Scripture clearly states that the Jews are God’s chosen people. This took place when God called Abraham to be the patriarch of Israel. (Genesis 17:5-8) Is favoring one people group over another wrong? Does this make God a bigot?
Needless to say, the term “bigot” is being thrown around today like playing catch with a baseball. Accusations of favoritism and discrimination have become synonymous with being a bigot. It’s a negative term and insinuates a lack of compassion or intolerance. That being said, was God a bigot when He chose the Jews to be His people? After all, He did favor and discriminate against other people groups. Hmm, what do you think?
To help with the discussion, it’s important to first define the term “bigot”. Webster defines it as, “a person who is obstinately or intolerantly devoted to his or her own opinions and prejudices; especially: one who regards or treats the members of a group (as a racial or ethnic group) with hatred and intolerance.”
Based on this definition, it appears that bigotry is often misapplied today. When someone favors one people group over another, it doesn’t make that person a bigot. When someone favors an opinion over another, it doesn’t make that person a bigot. The definition clearly states that favoritism isn’t the issue. It’s when favoritism leads to hatred and intolerance that bigotry becomes an issue. In other words, it is one thing to favor or discriminate and quite another to hate and be intolerant. The prior is normal, appropriate, and something we do in everyday life. The latter is sinful and wrong.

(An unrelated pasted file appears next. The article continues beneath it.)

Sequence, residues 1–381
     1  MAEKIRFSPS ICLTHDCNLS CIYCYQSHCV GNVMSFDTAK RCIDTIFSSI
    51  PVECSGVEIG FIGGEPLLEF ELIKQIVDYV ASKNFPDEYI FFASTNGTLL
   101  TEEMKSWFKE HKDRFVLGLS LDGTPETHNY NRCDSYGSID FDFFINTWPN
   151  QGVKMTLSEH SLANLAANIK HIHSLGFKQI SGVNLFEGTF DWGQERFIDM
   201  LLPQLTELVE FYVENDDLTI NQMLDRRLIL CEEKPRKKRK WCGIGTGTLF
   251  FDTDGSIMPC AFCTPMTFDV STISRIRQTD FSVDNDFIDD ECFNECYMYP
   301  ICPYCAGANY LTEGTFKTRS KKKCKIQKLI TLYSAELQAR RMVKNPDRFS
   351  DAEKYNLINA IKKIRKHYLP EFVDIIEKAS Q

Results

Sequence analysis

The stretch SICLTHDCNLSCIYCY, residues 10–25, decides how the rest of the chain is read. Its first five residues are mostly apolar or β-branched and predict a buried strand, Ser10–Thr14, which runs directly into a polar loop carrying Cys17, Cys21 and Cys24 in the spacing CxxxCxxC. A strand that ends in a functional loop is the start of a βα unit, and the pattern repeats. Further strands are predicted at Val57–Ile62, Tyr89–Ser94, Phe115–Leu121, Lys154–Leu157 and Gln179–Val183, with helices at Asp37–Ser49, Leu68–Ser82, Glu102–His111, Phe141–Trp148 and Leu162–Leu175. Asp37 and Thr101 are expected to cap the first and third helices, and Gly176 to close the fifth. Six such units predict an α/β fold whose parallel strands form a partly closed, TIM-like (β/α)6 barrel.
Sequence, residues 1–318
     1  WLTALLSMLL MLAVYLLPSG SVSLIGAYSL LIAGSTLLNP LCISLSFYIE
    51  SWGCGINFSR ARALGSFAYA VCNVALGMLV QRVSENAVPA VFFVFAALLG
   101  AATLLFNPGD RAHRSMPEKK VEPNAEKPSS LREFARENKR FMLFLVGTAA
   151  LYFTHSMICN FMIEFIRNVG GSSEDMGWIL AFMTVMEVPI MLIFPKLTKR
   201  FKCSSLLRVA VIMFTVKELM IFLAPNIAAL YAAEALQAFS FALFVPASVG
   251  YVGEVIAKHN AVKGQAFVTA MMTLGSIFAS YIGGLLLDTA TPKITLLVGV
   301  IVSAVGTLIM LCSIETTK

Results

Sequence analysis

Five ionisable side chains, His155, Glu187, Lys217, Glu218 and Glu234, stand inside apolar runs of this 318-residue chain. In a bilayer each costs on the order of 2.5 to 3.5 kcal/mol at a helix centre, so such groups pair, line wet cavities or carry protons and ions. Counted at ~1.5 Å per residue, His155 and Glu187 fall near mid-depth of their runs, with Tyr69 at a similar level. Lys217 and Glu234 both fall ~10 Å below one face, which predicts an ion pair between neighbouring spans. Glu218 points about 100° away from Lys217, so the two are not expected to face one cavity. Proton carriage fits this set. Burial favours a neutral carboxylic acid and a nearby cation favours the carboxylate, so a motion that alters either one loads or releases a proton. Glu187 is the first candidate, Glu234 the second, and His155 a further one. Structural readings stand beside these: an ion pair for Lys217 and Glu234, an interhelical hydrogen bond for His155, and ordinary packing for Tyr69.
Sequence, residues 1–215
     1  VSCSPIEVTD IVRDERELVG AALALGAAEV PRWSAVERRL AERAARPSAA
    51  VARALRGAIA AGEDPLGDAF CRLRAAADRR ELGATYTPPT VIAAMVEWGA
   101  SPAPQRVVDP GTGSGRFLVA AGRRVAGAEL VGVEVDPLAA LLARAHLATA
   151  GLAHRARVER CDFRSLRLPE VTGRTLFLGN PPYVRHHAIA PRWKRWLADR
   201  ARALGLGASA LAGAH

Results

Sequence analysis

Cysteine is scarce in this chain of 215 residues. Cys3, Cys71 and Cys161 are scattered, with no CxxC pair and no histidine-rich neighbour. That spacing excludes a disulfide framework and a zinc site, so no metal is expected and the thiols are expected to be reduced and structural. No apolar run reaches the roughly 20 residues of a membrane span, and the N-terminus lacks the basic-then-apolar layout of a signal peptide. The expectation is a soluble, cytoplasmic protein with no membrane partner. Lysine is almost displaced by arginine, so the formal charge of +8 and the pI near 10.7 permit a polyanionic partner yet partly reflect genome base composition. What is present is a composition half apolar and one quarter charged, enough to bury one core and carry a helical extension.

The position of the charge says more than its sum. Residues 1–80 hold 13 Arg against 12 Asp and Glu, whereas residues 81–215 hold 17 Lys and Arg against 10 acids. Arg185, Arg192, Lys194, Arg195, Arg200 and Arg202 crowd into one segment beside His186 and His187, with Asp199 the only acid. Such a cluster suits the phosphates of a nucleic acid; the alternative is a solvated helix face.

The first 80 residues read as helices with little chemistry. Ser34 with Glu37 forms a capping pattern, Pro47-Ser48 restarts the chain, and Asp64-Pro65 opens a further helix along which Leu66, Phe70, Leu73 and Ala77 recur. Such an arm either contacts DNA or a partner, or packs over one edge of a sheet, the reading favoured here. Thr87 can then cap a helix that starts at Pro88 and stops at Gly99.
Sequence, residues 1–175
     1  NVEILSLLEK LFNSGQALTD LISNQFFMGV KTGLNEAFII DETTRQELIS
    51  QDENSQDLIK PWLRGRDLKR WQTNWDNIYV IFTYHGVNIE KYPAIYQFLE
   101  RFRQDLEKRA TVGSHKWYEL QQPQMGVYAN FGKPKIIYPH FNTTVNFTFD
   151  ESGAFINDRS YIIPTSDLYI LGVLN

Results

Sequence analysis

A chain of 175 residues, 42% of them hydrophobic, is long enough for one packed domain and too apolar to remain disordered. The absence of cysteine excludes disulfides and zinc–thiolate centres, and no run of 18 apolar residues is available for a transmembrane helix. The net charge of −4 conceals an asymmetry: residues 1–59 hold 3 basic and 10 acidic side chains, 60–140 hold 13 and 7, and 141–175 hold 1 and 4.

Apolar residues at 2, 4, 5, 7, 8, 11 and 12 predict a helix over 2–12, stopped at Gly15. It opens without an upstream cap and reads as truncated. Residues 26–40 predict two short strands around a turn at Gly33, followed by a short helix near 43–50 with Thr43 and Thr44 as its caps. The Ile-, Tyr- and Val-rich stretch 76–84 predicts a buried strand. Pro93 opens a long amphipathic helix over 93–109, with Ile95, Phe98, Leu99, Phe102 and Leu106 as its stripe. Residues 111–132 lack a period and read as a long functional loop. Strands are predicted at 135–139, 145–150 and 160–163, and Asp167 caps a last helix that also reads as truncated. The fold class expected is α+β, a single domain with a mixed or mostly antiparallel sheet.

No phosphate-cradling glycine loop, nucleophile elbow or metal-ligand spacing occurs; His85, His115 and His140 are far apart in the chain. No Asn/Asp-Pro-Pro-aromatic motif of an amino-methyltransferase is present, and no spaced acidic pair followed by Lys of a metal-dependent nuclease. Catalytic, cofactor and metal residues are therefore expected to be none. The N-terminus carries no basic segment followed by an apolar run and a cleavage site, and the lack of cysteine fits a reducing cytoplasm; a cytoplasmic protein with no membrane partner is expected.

To illustrate this point, let’s look at our own relationships. We all have people who play a priority in our lives, which implies we favor them more than others. I value and treat my wife differently than I do your wife. I do the same with my children compared to your children. You do the same. This is not only normal, it’s appropriate. There is nothing wrong with this as long as I don’t hate your wife or become intolerant toward your children. In fact, scripture admonishes Christians to never hate or become intolerant toward others. (Ephesians 4:2)
But it is also important to note that Christians are called to hate and be intolerant toward certain types of behavior, which is called sin. (Romans 12:9) This type of hatred and intolerance is protective in nature and is very different than how we are to treat each other. This is making that important distinction between hating the sin and loving the sinner. It’s a principle we see taught throughout scripture and one that Jesus often addressed. (Matthew 22:34-40)
So was God a bigot when He chose the Jews over all the other people groups? No! Just because He favored the Jews, doesn’t mean He was hateful or intolerant toward other people groups. Don’t forget, God created the other people groups and made them in His image with dignity value and worth. (see my blog post, How to Love Non-Christian Family Members) God also chose Jesus (a Jewish carpenter) to fulfill His redemptive plan to save ALL mankind. (John 3:16)
So the next time you are tempted to categorize someone as a bigot, double-check your definition and make sure you aren’t also calling God a bigot. There is a lot of noise and rhetoric on today’s divided landscape and it’s important that Christians are being careful to not add to the confusion. Amen?
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